Sales fall below expectations for plastics company Denroy
The Co Down company behind the world-famous Denman hairbrush has said it has held back on major investment due to Brexit as it reported a slight drop in revenues to £16.4m.
Denroy Group chairman John Rainey said that while pre-tax profits increased marginally to £356,249 for the year to December 31, 2018, sales were below expected levels.
In his chairman's message with the company's accounts, Mr Rainey said: "The group are generally confident about the economic outlook over the next 12 months, however the risk of a 'no-deal' Brexit remains high and it is unclear how significantly this will affect the UK economy.
"Confidence continues to be affected and the group has extended the scheduled start date of a major capital investment until clarity emerges."
Mr Rainey, whose father Max founded the Bangor-based plastics firm, said the Denman brand continued to grow.
However, he said the group had ceased distribution of a number of third-party brands during the year, which he said impacted overall revenues.
The USA remains a key market for the brush brand, with new products planned for release in 2019.
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The chairman's daughter, Victoria Fishman, is a key figure in the US operation.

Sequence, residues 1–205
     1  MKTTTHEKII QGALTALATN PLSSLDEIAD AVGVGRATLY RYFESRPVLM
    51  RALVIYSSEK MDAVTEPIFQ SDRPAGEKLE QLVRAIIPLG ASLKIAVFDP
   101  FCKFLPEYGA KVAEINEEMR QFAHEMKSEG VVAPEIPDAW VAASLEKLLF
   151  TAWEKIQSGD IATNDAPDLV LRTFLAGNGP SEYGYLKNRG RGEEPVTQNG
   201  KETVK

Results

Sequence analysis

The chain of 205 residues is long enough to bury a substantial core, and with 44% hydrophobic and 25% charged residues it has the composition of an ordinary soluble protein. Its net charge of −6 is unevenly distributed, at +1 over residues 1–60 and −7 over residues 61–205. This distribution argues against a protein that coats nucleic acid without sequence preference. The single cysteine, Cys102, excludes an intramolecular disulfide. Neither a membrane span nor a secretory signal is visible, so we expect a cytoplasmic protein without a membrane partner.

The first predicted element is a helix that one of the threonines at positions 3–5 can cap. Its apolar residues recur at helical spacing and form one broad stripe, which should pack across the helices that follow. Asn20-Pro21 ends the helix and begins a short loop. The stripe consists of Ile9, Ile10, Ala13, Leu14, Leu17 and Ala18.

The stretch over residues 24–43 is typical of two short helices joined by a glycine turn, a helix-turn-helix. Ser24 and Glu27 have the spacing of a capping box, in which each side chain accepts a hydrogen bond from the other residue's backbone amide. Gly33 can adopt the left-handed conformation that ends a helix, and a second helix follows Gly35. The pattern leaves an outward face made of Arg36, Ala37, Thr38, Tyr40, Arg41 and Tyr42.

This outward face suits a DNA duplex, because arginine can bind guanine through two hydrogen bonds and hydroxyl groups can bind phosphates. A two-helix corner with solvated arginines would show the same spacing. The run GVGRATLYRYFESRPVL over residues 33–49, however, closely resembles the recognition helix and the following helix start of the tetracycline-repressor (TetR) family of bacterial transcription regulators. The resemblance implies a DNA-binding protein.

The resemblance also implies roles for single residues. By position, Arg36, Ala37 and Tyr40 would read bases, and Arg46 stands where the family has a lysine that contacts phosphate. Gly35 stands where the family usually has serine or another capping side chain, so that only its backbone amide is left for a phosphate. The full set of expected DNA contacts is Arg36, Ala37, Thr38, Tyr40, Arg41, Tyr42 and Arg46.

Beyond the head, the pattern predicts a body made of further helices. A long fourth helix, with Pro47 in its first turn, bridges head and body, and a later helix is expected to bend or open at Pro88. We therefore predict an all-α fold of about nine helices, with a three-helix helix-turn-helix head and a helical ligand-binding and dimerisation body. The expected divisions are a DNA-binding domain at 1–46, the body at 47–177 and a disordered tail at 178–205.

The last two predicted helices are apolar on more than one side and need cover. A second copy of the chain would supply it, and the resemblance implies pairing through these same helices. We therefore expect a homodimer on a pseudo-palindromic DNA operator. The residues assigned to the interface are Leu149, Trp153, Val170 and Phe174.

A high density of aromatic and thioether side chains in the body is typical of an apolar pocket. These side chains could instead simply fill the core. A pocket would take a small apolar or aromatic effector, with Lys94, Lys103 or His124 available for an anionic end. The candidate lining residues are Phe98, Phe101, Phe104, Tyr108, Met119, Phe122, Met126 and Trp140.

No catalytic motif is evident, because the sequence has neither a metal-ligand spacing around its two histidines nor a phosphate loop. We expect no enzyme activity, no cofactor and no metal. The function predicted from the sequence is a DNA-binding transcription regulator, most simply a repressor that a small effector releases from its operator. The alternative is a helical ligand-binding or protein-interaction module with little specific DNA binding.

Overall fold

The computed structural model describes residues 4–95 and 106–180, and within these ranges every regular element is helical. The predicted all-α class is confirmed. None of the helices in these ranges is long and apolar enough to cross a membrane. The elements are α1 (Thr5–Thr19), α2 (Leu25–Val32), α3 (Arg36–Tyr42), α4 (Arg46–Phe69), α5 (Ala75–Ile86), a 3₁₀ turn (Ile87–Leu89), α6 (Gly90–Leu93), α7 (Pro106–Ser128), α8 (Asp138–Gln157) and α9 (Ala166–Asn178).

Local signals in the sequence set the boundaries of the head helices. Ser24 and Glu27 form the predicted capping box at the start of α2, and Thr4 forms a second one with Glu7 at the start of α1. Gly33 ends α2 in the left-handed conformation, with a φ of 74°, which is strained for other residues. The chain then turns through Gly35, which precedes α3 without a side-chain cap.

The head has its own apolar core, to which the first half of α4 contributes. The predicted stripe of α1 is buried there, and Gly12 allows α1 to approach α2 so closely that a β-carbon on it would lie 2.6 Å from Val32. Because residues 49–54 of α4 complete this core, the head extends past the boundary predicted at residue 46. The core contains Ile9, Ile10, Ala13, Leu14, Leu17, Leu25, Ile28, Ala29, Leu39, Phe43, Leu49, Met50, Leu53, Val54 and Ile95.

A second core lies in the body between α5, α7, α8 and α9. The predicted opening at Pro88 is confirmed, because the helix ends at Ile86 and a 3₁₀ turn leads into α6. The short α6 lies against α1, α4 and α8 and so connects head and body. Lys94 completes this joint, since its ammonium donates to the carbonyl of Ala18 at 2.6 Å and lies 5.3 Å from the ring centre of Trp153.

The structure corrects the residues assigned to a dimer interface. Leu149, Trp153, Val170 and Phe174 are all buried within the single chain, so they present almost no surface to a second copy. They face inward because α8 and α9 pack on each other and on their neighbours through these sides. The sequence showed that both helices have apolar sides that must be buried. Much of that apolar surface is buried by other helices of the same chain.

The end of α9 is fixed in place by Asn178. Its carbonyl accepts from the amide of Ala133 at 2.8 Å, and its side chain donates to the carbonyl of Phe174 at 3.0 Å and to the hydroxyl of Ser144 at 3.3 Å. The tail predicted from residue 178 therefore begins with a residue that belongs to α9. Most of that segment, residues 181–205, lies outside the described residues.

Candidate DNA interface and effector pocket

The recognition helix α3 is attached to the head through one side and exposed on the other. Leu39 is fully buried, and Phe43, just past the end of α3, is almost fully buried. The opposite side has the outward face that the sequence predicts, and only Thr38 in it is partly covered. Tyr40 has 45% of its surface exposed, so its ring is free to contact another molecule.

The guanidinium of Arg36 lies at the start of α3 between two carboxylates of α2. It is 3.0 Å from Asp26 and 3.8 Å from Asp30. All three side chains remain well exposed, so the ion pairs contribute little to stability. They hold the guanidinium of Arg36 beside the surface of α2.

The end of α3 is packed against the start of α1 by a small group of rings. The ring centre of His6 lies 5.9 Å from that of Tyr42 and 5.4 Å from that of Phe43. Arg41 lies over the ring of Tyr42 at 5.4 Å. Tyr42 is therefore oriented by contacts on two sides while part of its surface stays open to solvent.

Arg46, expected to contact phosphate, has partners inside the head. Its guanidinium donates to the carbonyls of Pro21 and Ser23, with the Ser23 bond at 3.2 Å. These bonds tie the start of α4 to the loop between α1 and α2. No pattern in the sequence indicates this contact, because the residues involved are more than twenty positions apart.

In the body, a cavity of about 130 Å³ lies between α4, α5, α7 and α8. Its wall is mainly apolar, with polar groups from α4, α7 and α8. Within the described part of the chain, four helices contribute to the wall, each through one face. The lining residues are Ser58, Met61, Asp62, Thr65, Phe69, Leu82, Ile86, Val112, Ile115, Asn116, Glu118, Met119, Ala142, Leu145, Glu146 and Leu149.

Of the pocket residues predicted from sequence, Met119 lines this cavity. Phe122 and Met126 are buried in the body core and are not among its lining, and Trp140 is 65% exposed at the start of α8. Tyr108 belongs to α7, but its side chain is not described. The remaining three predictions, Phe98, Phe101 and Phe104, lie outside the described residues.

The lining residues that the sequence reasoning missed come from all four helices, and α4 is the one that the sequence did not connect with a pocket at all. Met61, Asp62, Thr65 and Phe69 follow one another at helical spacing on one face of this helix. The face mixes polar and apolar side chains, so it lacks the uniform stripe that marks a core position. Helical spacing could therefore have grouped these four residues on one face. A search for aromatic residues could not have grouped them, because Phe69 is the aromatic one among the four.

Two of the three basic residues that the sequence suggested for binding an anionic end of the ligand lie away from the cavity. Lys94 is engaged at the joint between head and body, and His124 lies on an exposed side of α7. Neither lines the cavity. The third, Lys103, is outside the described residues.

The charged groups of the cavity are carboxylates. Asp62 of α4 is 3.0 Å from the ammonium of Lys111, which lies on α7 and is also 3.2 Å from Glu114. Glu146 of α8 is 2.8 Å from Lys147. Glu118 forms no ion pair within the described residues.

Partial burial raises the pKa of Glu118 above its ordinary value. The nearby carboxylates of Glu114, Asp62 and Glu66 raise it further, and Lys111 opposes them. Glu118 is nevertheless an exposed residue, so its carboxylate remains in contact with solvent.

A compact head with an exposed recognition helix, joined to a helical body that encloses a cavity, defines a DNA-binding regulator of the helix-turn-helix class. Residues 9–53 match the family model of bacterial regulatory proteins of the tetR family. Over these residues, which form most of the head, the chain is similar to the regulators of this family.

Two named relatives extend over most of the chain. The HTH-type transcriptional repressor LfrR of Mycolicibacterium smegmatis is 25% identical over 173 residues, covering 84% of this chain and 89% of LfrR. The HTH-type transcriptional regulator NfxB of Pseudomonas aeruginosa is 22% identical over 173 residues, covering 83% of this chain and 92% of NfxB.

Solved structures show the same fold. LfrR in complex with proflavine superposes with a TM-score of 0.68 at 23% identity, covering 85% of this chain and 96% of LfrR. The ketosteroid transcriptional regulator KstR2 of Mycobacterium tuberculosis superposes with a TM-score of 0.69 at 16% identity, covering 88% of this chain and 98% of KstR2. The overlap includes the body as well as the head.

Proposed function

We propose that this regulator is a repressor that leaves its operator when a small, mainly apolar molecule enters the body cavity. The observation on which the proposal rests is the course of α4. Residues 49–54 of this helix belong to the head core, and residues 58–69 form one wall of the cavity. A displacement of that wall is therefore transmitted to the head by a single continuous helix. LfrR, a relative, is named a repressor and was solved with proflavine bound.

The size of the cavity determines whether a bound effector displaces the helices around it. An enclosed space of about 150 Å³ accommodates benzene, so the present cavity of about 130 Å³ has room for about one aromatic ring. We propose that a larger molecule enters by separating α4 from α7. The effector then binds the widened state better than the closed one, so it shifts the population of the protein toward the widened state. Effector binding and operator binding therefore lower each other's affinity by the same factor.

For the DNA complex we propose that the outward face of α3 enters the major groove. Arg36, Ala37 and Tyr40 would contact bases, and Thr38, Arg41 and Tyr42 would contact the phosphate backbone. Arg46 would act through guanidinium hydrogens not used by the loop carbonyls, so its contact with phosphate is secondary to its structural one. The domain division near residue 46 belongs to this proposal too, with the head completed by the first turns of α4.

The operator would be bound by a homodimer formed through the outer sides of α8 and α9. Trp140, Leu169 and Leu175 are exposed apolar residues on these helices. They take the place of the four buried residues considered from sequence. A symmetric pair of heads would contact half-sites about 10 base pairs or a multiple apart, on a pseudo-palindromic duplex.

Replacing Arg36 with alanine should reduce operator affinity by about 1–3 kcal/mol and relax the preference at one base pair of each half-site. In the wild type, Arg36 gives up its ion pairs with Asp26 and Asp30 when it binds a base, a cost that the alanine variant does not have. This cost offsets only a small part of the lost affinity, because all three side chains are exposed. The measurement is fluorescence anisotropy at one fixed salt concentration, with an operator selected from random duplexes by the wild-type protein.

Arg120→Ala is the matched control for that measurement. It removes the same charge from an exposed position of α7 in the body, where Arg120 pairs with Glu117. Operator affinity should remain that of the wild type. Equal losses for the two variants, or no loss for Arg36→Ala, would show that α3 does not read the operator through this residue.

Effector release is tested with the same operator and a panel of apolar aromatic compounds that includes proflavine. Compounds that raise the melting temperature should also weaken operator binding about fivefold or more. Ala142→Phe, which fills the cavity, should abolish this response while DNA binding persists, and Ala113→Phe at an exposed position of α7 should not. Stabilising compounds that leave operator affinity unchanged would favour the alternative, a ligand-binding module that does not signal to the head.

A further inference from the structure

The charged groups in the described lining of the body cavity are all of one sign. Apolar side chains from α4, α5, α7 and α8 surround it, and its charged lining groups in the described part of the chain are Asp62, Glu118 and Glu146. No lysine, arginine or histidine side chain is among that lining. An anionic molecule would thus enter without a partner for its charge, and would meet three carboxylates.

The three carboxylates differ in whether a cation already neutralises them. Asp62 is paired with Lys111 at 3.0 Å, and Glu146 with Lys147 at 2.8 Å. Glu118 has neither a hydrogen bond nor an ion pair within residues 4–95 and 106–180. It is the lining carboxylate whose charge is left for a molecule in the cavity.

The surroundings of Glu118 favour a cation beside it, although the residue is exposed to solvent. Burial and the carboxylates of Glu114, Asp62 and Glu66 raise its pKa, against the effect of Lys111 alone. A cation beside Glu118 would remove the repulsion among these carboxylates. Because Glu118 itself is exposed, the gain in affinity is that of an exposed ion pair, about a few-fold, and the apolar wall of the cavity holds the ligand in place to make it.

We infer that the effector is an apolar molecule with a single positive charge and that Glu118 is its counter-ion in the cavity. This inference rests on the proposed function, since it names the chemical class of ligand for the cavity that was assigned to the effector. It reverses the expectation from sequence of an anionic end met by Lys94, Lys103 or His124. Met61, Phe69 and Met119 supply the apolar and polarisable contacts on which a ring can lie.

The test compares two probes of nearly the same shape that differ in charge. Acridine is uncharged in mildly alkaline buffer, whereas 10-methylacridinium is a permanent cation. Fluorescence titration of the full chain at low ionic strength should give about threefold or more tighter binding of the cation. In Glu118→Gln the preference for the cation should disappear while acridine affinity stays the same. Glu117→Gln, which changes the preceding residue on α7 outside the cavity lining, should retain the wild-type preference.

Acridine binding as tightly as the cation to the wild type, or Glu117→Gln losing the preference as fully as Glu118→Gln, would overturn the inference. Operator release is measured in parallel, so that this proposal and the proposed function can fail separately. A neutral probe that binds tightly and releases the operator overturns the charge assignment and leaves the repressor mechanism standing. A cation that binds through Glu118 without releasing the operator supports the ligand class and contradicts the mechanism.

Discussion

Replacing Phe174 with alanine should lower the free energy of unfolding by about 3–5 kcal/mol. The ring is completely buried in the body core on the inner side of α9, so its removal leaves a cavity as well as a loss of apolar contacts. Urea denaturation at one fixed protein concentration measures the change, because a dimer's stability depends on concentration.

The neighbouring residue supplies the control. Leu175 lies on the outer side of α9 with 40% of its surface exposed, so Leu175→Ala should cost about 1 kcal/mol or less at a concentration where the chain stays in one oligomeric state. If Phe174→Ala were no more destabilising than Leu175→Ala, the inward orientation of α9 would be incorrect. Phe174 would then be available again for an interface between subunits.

Mr Rainey also reported a slowdown in Ministry of Defence-related spending, but said the increasing involvement in the aerospace sector attracted a number of new customers.
Denroy is one of the companies involved in the Causeway Aero Group, which has brought a number of Northern Ireland firms together to bid for bigger aerospace contracts.
Denroy Plastics Ltd initially loaned £71,000 to Causeway, subsequently converting it to equity. It now has a 21.4% stake in the Causeway Aero Group.
Mr Rainey said: "The company has continued to focus on development of the aerospace sector with a number of new customers engaged during 2018, which are expected to become significant trading partners in the years ahead."
Causeway Aero deals included a large contract with Bombardier Transportation linked to its rail division.
Overall, Denroy reported a decrease in gross margins from 38% in 2017 to 36% last year, which it largely blamed on increased wage costs. The company report indicated that Denroy's workforce decreased from 212 to 200 over the year, but its wage bill rose from £5.7m to £5.8m.
Among the challenges identified were the rising price of raw materials and the impact of introducing the living wage.
Denroy received £222,086 in Government grant aid to assist research and development.
The group said it was unclear what impact changes to import and export tariffs as a result of Brexit could have on its operation. As a result, it has embarked on a Brexit risk assessment and developed contingency plans largely linked to its supply chain.
"Further contingency plans will be drafted to mitigate risks and challenges as the impact of Brexit becomes clear," it said.
In April, Denroy confirmed Kevin McNamee had taken the role of chief executive, with Mr Rainey expected to step back from the direct running of operations.